For fish and seafood I like to make sure what I'm buying is absolutely fresh and locally caught if possible. So, I go to either Catalina Offshore Products near Morena Blvd. or Pt. Loma Seafoods on Emerson off of Rosecrans. I buy free-range, organic, air-chilled chicken at Whole Foods or Bristol Farms. I get grass-fed beef at Whole Foods, Boney's Bayside Market in Coronado or the La Jolla Butcher Shop. I'm also a sucker for Iowa Meat Farms' Baja chicks. I don't know what they put in their marinade but it makes for tender, savory roasted chicken. And their Berkshire pork is astoundingly juicy, tender and flavorful -- nothing at all like conventionally raised pork.

How about getting out of your comfort zone and exploring ethnic markets? Just when you start getting tired of brocolli, how about going to 99 Ranch Market on Clairemont-Mesa Blvd. and trying Chinese brocolli. It's delicious steamed, then stir-fried with garlic and ginger and topped with oyster sauce. Or fresh water chestnuts (you'll never go back to canned again). Or Asian pears or persimmons. Or three different types of baby bok choy. Not sure what you're looking at or how to cook what you see? If a store employee isn't available, be bold and ask the customer next to you. You'd be surprised at how kind people are and flattered to be asked.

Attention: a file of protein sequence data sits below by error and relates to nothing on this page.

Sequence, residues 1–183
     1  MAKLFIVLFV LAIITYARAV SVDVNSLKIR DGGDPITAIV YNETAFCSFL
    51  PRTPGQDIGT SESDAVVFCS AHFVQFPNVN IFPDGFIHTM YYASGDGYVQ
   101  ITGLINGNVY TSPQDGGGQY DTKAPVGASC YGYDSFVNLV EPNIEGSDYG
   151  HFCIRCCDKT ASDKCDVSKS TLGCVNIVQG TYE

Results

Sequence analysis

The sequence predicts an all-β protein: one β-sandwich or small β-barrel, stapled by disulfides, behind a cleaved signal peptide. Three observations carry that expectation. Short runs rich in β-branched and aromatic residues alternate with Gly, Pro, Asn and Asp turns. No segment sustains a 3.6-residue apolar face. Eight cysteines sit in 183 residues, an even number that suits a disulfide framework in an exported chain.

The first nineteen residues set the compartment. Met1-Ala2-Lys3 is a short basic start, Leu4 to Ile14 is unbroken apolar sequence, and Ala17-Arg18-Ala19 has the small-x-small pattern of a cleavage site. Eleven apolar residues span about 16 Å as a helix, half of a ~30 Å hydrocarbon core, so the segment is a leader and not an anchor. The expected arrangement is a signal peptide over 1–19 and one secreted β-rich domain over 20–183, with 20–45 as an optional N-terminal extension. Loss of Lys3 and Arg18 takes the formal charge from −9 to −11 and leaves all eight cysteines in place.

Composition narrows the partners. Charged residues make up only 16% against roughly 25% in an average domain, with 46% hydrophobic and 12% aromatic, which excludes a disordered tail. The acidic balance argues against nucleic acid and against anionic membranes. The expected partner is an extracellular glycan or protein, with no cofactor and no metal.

Among my favorite Asian markets are 99 Ranch, the newly renovated Mitsuwa on Mercury, Nijiya (with organic produce from its own farm) on Convoy near Aero Dr., Zion and First Korean Market.

There are plenty of wonderful items at our many Middle Eastern markets. At Balboa International Market on Balboa near Genesee I recently found beautiful Persian cucumbers, enormous pomegranates, roasted pistachios and a lot of interesting spices. Also worth visiting are Parsian on Convoy and North Park Produce in North Park and in Poway. They have my favorite short grain white rice. It's not labeled but you'll find it in a bin. It makes very tender, sweet rice, and is especially good when you add just a little freshly chopped dill.

I love our local Hispanic markets. Northgate Gonzalez, just off the 805 at 43rd St., has a remarkable produce section, where I've found fresh green garbanzos, magnificent peppers and lovely nopales.

They also have a wonderful array of ceviches -- shrimp, octopus, fish, spicy, mild. Whatever your tastebuds find pleasure in, they have it, already prepared and delicious. They, along with El Tigre and Foodland, have large meat and seafood sections and their own tortillerias.

All of these places help you do another thing well to make cooking at home easier -- creating a well-stocked pantry (and by pantry I also mean refrigerator and freezer). Here's just some of what you'll find in mine in no particular order:

Olive oils, avocado oil, grapeseed oil, sesame oil

Variety of vinegars

Capers packed in salt

Dried fruit

Sea salt, whole peppercorns


Tube of tomato paste

Bags of lentils, rice, wheat berries, pearl barley, quinoa, etc.

Pasta, including whole wheat pasta

Walnuts, pine nuts

Cans of good crushed tomatoes – low sodium

Dijon mustard

Variety of spices

Oatmeal and high-fiber cereal


Fish sauce


Jars of homemade herb rubs

Flax seeds, chia seeds and hemp seeds